We came up here all the time when I was a kid, when there were redwoods so big around they could make dancefloors out of their cross sections. And there were caverns with rivers running through them that we’d paddle around in, gazing up at the great stone teeth above us, struck stupid, while we bruised our knees on stalagmites under the water and imagined we were held in a dragon’s mouth. The water was cold and tasted like minerals and trout and the disappointment of the gold miners whose reed-choked waterwheels we sometimes found the skeletons of and rode like ferris wheels.
In the shade of a manzanita, we’d rest our heads on the earth and point up at the dead wood twisted together with the living, white and red like an arm with the skin peeled back, which made the air smell like artichokes in the dusty heat. The Tuolumne people chewed its leaves for medicine and the black bears remembered this and favored its berries.
Maybe you’re lucky you never saw it like that. If you had, you wouldn’t think it beautiful now. You wouldn’t like playing Captain on the seas of grass. I no longer consider the grass a living thing. It’s only the symbol of everything that’s died.
Hoofing it to Red’s ranch took me three hours. I choked on dust. I rubbed my palm against my face and came away with a handful of dirty dead skin. The old cinema marquee lay coiled and warped in the road. I tried to decipher the confetti of its lettering to see whether the people inside had been laughing or crying when the world ended.
In the empty distance of the aftermath, everything was heat waves, tsunamis of heatwaves, so that a lone and broken telephone pole far away looked like a crinkle-cut french fry, which is another wonderful thing you’ve never had.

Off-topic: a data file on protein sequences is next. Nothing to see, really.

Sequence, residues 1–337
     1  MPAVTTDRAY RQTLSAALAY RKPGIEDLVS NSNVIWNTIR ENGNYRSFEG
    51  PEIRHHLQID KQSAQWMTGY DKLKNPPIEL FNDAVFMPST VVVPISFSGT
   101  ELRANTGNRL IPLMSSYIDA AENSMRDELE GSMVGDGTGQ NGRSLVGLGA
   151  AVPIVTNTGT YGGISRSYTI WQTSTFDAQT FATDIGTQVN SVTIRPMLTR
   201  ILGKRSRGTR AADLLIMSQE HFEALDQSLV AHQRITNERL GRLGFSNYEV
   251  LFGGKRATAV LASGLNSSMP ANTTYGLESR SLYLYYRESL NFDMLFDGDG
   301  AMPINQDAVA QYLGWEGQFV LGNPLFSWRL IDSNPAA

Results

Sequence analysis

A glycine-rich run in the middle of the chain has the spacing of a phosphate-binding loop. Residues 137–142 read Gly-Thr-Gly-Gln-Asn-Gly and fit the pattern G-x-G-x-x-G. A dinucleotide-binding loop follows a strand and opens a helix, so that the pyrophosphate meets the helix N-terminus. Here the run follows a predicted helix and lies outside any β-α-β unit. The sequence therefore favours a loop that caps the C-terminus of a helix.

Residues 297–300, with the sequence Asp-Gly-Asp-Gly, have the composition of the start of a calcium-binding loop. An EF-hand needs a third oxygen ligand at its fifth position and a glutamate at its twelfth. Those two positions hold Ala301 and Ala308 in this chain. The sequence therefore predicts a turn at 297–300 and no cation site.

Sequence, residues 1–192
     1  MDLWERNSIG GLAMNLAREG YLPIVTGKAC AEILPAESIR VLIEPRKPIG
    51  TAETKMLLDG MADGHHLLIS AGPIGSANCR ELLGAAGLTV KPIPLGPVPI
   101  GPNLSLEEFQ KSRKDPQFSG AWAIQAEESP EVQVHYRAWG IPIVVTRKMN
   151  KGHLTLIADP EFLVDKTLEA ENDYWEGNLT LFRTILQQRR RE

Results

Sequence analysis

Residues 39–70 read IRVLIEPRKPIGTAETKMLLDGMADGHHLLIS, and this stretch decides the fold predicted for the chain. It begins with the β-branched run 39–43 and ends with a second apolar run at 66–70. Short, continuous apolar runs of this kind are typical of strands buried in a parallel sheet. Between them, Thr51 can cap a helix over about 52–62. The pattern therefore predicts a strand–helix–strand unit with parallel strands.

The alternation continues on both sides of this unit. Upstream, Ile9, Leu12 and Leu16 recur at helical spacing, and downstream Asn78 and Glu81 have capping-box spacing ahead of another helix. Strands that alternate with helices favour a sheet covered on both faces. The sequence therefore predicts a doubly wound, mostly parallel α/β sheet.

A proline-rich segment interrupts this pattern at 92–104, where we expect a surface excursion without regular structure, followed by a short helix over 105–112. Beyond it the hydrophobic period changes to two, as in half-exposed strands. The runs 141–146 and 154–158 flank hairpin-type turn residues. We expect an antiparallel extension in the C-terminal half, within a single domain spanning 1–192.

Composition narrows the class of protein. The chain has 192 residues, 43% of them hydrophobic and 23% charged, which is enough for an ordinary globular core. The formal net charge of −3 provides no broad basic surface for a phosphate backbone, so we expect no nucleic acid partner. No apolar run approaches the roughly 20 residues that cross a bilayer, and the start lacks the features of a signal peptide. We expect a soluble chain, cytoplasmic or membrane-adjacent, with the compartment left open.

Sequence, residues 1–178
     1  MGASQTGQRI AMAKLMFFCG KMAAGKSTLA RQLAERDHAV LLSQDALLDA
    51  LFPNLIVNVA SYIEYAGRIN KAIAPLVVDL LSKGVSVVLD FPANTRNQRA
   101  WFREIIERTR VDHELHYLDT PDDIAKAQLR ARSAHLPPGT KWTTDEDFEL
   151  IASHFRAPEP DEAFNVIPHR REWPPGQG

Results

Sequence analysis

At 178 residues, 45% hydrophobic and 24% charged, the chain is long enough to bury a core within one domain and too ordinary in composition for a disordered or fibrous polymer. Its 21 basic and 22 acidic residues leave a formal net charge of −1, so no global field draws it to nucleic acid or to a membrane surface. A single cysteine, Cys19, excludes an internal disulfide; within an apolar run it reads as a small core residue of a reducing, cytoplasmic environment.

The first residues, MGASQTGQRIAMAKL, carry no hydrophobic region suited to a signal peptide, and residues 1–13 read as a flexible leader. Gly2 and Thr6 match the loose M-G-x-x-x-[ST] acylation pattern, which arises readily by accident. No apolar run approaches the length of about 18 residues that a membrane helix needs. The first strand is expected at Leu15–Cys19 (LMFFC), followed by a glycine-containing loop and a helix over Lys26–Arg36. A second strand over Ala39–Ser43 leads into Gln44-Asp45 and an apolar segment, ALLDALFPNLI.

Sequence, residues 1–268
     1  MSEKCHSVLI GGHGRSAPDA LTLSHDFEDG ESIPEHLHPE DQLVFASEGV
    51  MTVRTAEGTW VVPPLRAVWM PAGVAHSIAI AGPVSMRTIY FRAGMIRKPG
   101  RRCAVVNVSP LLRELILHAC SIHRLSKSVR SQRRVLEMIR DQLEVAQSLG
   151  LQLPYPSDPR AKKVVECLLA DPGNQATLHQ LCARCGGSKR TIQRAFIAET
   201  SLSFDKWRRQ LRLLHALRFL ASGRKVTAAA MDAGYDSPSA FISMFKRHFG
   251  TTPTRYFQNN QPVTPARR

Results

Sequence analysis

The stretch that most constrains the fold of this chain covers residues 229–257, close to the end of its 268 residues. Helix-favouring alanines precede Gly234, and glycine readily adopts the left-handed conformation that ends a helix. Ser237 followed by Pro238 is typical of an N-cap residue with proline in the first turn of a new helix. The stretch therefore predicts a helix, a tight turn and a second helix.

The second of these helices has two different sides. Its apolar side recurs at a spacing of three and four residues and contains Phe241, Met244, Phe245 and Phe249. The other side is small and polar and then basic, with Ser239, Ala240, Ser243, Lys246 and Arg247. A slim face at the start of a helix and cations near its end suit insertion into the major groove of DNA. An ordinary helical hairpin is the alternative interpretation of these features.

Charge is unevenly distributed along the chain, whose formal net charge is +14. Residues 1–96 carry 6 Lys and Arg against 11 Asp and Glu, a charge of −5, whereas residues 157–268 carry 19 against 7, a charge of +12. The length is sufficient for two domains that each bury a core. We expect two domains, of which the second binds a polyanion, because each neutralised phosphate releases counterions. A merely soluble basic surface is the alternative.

I turned over the things Red had told me. It was the first I’d heard of anything outside of the Sierra Nevadas in a couple of years. Idiotically, we’d all assumed that if anybody out there had the resources to save us, they would. At the beginning, we all kept expecting big crates of candy and condoms to rain down on us from planes branded with the flags of countries we’d been wiping our boots on for centuries. But if the rest of the world thought at all about what happened to us, it was probably with relief.
Australia was the Sahara and the Sahara was the surface of Mars—the heat of the sand melted camels from the hooves up like army men in a frying pan. Siberian prison camps were renovated into resorts for wealthy tourists seeking moderate climates.
With God’s drunken hand in the bingo cage, there couldn’t help but be a few places carrying on better than before. Switzerland was growing bananas and yams. Alaskans and Yukoners were planting tobacco and cotton. “And Iceland,” said Red, shaking sweat in my face, “grows wheat. And you know who eats wheat? Cows.”
“Good thing the rich didn’t have to travel too far,” I said. I shouldn’t have been surprised that there were contemporary Caligulas out there, traveling around on chariots yoked to the necks of people like me. But I couldn’t stop watching Red’s hand moving over the animal’s neck, the muscles smooth and perfect, tensing suddenly where flies landed. His hand, stroking. His clean fingernails.
Kim Carson Bodie is an American journalist living on unceded Whadjuk Noongar Boodja land. She has worked a lot of odd jobs and lived a lot of odd places. This is her creative debut. You can find Kim on Instagram @all.is.gravy and she recommends you donate to buglife if you don't want to end up like the characters in this story.